A Brief Introduction to the History and Clinical Use of Hypnosis
Titu Maiorescu University, Bucharest, Romania
Hypnosis is best described as a modified state of consciousness, similar to relaxation or states specific to meditation practiced among the Oriental cultures. The possible effects of hypnosis have often been exaggerated, as true wonders were expected from the ones who applied it. Sometimes people expected the resolution of cases which medical or psychological treatment could not succeed in. On the other hand, there are as much opinions about hypnosis coming from skeptics who minimize or even deny its benefits. We may say that this has happened mostly when the individuals did not have enough information regarding the clinical scientific base of the hypnotherapeutic techniques.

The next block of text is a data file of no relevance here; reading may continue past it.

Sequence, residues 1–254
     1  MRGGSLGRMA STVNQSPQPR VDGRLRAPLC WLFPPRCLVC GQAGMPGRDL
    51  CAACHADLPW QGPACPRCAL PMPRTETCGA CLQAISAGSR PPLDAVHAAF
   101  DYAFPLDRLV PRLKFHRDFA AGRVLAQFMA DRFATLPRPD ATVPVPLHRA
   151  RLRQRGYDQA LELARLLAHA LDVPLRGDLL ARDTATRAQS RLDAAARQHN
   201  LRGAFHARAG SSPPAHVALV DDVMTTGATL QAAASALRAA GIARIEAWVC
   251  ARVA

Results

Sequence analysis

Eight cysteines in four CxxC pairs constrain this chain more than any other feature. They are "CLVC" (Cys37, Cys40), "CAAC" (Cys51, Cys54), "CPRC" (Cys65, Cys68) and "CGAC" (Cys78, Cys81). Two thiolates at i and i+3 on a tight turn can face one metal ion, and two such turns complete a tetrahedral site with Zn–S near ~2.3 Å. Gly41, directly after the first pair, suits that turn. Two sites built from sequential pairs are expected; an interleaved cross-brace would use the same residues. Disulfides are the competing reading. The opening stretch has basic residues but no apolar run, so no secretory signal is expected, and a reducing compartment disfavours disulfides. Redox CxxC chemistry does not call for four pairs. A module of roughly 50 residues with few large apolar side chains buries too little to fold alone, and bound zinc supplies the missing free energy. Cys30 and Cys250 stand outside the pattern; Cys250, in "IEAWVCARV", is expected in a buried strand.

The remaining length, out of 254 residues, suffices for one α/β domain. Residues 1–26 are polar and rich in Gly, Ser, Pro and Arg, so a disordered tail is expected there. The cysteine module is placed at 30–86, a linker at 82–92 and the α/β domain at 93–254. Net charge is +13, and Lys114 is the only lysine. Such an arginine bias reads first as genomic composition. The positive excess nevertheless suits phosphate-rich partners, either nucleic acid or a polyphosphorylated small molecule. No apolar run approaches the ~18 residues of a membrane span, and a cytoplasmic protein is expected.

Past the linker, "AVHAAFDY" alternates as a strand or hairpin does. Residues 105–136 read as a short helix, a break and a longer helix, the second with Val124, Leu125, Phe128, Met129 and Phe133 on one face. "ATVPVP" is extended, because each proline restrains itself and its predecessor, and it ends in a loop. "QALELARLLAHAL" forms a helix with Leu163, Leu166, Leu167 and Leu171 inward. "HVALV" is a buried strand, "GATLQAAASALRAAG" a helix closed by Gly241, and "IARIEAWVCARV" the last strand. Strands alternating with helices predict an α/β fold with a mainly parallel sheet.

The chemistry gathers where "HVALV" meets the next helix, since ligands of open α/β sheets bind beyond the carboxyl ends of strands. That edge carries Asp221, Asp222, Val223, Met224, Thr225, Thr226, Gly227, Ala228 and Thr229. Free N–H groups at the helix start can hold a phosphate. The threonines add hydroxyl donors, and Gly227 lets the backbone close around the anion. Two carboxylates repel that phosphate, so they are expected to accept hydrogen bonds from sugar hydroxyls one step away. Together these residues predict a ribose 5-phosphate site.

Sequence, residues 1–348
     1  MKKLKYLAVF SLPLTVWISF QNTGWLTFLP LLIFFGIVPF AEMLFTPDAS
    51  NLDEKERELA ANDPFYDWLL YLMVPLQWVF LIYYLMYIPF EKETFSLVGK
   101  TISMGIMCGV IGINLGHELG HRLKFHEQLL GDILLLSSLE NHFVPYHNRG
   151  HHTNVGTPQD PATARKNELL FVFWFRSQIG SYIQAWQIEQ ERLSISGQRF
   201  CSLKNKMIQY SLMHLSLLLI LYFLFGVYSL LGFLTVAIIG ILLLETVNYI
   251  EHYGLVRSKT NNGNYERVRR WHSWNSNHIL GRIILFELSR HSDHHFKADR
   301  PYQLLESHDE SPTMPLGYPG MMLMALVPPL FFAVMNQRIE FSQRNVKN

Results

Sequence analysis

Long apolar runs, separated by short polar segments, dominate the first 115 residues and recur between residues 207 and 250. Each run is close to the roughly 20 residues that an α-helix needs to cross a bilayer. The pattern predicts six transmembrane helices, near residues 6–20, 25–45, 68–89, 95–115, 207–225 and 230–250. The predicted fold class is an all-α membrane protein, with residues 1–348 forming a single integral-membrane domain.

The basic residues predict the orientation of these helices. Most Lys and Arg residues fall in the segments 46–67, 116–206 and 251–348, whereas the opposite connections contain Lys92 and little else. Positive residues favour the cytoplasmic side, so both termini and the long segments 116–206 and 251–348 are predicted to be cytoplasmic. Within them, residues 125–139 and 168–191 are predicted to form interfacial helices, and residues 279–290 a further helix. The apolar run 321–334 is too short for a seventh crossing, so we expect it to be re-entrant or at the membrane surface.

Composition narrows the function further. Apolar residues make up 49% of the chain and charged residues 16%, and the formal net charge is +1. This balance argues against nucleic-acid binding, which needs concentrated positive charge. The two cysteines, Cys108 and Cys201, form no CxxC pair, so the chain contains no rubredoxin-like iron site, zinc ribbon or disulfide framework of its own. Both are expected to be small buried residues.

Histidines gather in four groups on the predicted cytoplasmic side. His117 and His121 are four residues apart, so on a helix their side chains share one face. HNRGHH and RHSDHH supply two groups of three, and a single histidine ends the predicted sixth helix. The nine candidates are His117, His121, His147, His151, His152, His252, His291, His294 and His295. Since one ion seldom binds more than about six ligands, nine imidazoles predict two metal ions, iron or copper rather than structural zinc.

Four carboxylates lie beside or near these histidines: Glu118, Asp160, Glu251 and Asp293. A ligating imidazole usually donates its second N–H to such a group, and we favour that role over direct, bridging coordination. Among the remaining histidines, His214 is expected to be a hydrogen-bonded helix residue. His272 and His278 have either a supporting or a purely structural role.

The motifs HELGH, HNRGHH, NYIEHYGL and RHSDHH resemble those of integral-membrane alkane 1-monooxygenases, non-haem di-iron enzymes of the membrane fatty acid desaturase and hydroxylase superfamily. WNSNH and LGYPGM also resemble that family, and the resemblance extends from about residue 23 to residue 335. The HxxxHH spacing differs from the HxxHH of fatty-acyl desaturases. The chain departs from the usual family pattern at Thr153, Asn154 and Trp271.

We speak of modern hypnosis starting with the experience of the Austrian medical doctor Franz Anton Mesmer (1734-1815), who has described its specific states under the title of "animal magnetism". Later on, the English professor of medicine John Elliotson (1791-1868) tried to bring to medical establishment’s attention the usefulness of hypnosis in practicing medicine. At the same time James Esdaile, a Scottish surgeon (1808-1859), has reported many successful surgery operations conducted in India under hypnotic sleep, in a period when there were no other anesthetic agents than alcohol and opium (Williamson, 2012).